Janus and Offord (2000) named the basic domains that are important in relation to a child’s functioning at school, which can at the same time be used as areas for evaluation or in the event of a need for diagnostics of particular functions. These are physical health and well-being, including the necessary development of fine and coarse motor skills. It is also a domain that includes the social skills of responsibility and respect, approach to education, and readiness to explore new things. Attention also needs to be paid to emotional maturity, which includes pro-social behavior and the ability to function in a group. Being able to deal with anxiety and fear and the ability to manage one’s behavior regarding concentration and activity are associated with emotional maturity. According to these authors, the other domains on the list are the level of language skills and the overall level of cognitive functioning in the areas of literacy, mathematical imagination, and motivation to learn. Communication skills and their adequate development as an essential factor for effective schoolwork can be emphasized.
The research scope of the study is focused on the school readiness of children in relation to their temperament. The given age category of the children and their temperament are considered essential with regard to their readiness for, and subsequent success in, school education, as is stated by other expert studies. Vágnerová (2012) considers preschool age to be a period during which the child should be mentally and physically sufficiently mature to begin school attendance, while Al-Hendawi (2013) argues that temperament is a significant parameter of school adaptation and success. Al-Hendawi (2013) also states that the authors of expert studies view temperament from different perspectives.
The aim of the research was to determine whether there are studies that deal with the relationship between temperament, its dimensions, and school readiness.
For this review study, a design was applied that is based on the PRISMA method (Moher et al., 2015) in the context of the theory of Paré and Kitsiou (2017). Four stages of the work process were created based on this method.
Stage 1– Strategy
The study, and therefore the search for the primary source texts, focused on the period from 1 January 2000 to 29 February 2020, with the selection including articles in scientific journals in English. The search keywords were represented by the following expressions: School readiness; Temperament; Preschool age; School success; Effortful control; Self control; Mood.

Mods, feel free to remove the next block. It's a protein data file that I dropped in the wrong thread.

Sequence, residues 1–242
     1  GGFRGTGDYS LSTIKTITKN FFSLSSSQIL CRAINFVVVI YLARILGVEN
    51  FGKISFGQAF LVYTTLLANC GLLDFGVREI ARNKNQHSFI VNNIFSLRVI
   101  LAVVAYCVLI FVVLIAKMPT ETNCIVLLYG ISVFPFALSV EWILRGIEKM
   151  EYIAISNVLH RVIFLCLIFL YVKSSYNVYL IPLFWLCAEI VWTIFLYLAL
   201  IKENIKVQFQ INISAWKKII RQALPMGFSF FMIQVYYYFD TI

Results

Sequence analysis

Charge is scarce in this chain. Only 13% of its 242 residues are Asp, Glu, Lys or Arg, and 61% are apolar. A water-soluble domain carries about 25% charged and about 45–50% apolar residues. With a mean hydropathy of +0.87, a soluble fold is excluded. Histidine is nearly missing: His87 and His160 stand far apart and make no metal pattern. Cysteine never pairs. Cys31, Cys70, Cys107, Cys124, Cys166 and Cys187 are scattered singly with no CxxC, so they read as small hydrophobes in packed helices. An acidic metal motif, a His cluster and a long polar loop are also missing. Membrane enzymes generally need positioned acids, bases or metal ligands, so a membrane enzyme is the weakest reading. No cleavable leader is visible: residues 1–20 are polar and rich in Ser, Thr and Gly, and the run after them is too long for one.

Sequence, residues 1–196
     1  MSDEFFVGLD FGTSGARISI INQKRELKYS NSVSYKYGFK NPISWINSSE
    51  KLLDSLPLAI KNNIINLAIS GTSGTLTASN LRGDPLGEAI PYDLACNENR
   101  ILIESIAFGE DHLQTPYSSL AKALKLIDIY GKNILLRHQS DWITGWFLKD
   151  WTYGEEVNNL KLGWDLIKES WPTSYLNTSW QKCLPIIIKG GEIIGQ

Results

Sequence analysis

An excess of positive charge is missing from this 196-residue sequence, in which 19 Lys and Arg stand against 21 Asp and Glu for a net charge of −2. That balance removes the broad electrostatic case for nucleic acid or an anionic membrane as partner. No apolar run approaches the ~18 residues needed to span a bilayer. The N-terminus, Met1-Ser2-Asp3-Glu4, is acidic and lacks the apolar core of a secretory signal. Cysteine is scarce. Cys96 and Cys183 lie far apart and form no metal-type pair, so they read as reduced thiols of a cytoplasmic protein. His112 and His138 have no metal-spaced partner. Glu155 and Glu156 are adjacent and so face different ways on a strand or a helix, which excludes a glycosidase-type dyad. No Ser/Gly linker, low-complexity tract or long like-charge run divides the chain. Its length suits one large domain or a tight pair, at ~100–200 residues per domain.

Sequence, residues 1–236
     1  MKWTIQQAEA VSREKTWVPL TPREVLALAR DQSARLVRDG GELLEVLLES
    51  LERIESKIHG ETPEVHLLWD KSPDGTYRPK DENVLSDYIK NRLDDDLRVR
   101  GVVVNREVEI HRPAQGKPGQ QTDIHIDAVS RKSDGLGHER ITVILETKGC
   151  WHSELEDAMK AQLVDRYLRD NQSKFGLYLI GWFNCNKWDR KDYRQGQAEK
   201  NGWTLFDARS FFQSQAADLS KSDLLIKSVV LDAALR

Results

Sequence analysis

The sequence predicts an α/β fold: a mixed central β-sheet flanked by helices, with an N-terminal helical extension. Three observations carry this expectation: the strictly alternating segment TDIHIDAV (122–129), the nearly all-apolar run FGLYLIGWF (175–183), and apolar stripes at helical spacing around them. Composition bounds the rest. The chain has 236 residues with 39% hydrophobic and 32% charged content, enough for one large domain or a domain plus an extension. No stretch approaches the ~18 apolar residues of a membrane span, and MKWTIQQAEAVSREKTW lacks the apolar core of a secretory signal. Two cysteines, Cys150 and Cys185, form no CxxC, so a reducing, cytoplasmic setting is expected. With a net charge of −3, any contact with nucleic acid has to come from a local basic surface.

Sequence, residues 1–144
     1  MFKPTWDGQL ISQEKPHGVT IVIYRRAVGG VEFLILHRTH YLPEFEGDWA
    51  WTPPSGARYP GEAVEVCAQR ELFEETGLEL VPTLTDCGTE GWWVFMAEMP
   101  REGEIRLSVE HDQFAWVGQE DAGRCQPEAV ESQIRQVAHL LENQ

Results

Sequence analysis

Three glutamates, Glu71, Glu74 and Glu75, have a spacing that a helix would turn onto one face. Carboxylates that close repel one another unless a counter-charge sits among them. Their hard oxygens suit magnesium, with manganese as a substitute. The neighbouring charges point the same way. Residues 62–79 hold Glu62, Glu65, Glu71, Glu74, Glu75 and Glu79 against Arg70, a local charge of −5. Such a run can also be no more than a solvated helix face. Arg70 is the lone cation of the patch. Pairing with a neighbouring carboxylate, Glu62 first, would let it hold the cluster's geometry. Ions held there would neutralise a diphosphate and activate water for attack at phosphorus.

The following elements were used for the search strategy: (school N1 readiness) OR (school N1 success); (school N1 readiness) OR (school N1 success) AND mood; (school N1 readiness) OR (school N1 success) AND Effortful control; (school AND readiness) OR (school AND success); (school AND readiness) OR (school AND success) AND Effortful control; (school AND readiness) OR (school AND success) AND mood; (school N/3 readiness) OR (school N/3 success) AND mood AND preschool.
This time span was chosen because the largest number of texts for further analysis was searched for in the databases during this period. The choice of a shorter time span of the margin did not offer sufficient saturation in searching.
Stage 2 – The Selection of Databases for the Search
The MEDLINE, CINAHL, ERIC, EMBASE, PsycINFO, PsycArticles, Web of Science, Google Scholar, Scopus, and Proquest databases were used for the search. The EBSCO Discovery Service was used. A total of 1092 articles were found.
Abstracts were analyzed for all 1092 articles. On the basis of this analysis, those articles that did not match the specified criteria were gradually eliminated. Figure 1 shows what the procedure for the selection of suitable articles looked like.
In the last stage a detailed analysis of 142 articles was performed. In all these articles, the key categories “Temperament”, “Executive functions” “Effortful control”, “Self-regulation”, and “School readiness” were used.
On the basis of the analysis of 142 articles, specific groups based on the topics were created. School readiness was related to different variables with an indirect relationship to temperament – ADHD (25 articles), autism (one article), illness and health problems (19 articles), different age categories (28 articles), a conflict between the parents’ and teachers’ expectations of preschool-age children (five articles), and the topic of preschool children and disability (one article). In addition, there was the theory of mind and executive functions (eight articles), language skills (two articles), and the environment of the family and school (eight articles), parents’ temperament (nine articles), and teacher temperament (nine articles).
The narrow selection included 26 or 27 articles whose topics matched the requirements of the relationship between school readiness and temperament, i.e., both the essential categories – school readiness and temperament – appeared in them simultaneously. Only the 27th article (Miller and Goldsmith, 2017) is rather specific because the authors wanted to create an ideal pupil who would be successful at school.